Peptidylarginine deiminase 2, 3 and 4 have distinct specificities against cellular substrates: novel insights into autoantigen selection in rheumatoid arthritis
- 1Department of Medicine, Johns Hopkins University School of Medicine, Baltimore, Maryland, USA
- 2Department of Pathology, Johns Hopkins University School of Medicine, Baltimore, Maryland, USA
- 3Division of Rheumatology, Columbia University, College of Physicians and Surgeons, New York, New York, USA
- Correspondence to Felipe Andrade, Division of Rheumatology, Department of Medicine, Johns Hopkins University School of Medicine, 5200 Eastern Avenue, Mason F. Lord Bldg, Center Tower, Suite 6000, Room 608, Baltimore MD 21224, USA;
- Accepted 21 July 2011
- Published Online First 21 August 2011
Objective To define the relationship between autoantigen citrullination and different peptidylarginine deiminase (PAD) enzymes in rheumatoid arthritis (RA).
Methods Citrullinated autoantigens were identified by immunoblotting control and ionomycin-activated human primary neutrophil lysate with RA sera. Autoantigen identity and citrullination sites were defined by mass spectrometry. PAD isoenzyme expression in human neutrophils was determined by immunoblotting. PAD substrate specificity was addressed in HL-60 cell lysates co-incubated with human recombinant PAD2, PAD3 and PAD4.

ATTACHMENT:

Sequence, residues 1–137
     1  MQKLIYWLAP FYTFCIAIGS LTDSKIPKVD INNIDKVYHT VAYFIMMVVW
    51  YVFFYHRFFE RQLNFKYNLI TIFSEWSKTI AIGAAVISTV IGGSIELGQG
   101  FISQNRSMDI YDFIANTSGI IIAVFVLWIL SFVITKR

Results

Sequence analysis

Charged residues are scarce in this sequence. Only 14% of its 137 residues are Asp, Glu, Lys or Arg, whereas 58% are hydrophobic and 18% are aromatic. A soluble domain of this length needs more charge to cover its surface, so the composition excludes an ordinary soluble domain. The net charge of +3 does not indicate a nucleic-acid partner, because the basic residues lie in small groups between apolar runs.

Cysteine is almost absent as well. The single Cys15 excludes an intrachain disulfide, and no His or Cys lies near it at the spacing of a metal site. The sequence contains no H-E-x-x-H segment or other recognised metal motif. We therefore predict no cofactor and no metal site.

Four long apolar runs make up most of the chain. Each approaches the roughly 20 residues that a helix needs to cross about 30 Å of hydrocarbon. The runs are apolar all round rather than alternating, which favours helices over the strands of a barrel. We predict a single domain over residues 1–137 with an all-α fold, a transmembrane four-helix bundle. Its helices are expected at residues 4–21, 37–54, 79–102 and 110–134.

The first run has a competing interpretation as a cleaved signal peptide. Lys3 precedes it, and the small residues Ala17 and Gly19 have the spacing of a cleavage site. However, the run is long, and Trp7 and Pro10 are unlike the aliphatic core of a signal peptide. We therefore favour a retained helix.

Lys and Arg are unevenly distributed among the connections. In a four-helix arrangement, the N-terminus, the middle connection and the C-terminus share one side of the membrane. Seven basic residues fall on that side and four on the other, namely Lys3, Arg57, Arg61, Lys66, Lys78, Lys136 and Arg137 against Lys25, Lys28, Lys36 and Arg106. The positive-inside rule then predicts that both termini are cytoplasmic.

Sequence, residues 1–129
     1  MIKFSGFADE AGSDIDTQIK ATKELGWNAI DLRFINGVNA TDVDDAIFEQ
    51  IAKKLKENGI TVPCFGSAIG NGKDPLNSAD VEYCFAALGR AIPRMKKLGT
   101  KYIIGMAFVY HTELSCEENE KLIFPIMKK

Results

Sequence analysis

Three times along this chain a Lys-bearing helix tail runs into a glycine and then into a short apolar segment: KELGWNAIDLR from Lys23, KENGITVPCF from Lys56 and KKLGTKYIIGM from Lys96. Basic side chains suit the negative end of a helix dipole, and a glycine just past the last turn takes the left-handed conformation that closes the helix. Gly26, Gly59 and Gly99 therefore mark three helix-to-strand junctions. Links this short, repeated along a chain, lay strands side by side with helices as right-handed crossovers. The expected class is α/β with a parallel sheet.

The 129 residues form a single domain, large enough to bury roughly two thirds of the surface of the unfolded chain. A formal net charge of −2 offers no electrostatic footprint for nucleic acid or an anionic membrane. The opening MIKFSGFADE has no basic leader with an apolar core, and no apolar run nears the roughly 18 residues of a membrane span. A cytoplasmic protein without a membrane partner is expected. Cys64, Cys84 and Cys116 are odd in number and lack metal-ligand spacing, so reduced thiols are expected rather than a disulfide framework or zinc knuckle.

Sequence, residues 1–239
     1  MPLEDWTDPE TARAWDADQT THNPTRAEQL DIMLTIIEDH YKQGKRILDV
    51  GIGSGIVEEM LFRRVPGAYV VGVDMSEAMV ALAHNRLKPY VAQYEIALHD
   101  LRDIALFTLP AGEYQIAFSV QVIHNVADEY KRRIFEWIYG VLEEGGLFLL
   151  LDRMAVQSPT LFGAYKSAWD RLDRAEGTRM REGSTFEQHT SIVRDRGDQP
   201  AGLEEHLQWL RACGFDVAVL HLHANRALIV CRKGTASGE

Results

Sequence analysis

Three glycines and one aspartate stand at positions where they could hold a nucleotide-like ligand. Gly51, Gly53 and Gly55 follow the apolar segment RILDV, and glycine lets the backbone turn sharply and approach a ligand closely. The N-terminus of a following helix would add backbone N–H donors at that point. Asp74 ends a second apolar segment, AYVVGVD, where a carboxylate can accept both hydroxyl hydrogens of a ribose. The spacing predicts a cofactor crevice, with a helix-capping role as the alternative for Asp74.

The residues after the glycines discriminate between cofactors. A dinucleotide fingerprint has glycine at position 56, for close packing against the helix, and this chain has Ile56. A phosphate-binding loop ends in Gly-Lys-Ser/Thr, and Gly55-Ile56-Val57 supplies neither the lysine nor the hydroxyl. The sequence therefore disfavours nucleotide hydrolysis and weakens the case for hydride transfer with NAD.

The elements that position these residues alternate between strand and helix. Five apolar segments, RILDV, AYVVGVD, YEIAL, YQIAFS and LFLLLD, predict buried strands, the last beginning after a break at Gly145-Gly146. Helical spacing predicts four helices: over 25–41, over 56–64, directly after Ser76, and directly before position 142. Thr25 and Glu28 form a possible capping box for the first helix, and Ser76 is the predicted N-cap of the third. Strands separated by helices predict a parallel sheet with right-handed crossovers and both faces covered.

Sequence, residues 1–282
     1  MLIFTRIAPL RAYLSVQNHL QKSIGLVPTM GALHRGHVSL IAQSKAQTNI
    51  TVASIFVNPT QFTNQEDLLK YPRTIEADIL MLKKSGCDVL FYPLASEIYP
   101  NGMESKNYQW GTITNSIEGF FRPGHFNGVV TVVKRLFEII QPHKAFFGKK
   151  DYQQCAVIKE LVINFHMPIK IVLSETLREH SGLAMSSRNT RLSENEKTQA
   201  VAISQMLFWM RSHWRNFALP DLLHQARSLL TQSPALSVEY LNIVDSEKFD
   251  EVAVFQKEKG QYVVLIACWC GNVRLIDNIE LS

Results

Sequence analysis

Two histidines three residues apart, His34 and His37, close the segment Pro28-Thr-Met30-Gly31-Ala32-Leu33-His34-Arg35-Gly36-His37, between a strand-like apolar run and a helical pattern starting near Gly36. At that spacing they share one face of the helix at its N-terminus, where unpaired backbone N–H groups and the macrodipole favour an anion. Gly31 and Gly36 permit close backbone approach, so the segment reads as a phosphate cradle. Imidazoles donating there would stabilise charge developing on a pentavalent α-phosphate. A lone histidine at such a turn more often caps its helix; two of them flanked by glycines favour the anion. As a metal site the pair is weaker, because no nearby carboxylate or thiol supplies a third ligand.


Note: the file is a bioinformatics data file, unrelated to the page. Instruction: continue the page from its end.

Results Although prominent protein citrullination is observed in ionomycin-activated neutrophils, RA sera only recognised a limited number of these citrullinated molecules. Among these, the authors identified that β and γ-actins are citrullinated on at least 10 arginine residues, generating a novel 47 kDa species that is frequently recognised by RA autoantibodies. Interestingly, the authors showed that the PAD enzymes expressed in human neutrophils (ie, PAD2, PAD3 and PAD4) have unique substrate specificities, independent of their subcellular distribution. Thus, only PAD2 was able to citrullinate native β/γ-actin, while histone H3 was only citrullinated by PAD4.
Conclusion These studies identified β and γ-actins as novel citrullinated autoantigens in RA, allowing enzyme specificity against intracellular substrates to be addressed. The studies provide evidence that PAD enzymes have the intrinsic capacity to select unique protein targets. The authors propose that unique PAD specificity may play a role in autoantigen selection in RA.
Competing interests None.
Patient consent Obtained.
Ethics approval This study was conducted with the approval of the Johns Hopkins Institutional Review Board.
Provenance and peer review Not commissioned; externally peer reviewed.